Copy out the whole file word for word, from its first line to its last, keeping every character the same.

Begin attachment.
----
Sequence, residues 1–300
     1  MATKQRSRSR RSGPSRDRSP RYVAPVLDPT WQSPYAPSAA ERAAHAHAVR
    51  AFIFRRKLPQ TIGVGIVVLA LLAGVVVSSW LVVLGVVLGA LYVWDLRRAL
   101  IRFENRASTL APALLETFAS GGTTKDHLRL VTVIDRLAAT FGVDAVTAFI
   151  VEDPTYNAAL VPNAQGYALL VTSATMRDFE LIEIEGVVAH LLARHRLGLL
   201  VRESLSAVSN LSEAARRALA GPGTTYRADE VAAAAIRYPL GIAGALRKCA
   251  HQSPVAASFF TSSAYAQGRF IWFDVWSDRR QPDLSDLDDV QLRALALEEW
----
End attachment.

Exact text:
Sequence, residues 1–300
     1  MATKQRSRSR RSGPSRDRSP RYVAPVLDPT WQSPYAPSAA ERAAHAHAVR
    51  AFIFRRKLPQ TIGVGIVVLA LLAGVVVSSW LVVLGVVLGA LYVWDLRRAL
   101  IRFENRASTL APALLETFAS GGTTKDHLRL VTVIDRLAAT FGVDAVTAFI
   151  VEDPTYNAAL VPNAQGYALL VTSATMRDFE LIEIEGVVAH LLARHRLGLL
   201  VRESLSAVSN LSEAARRALA GPGTTYRADE VAAAAIRYPL GIAGALRKCA
   251  HQSPVAASFF TSSAYAQGRF IWFDVWSDRR QPDLSDLDDV QLRALALEEW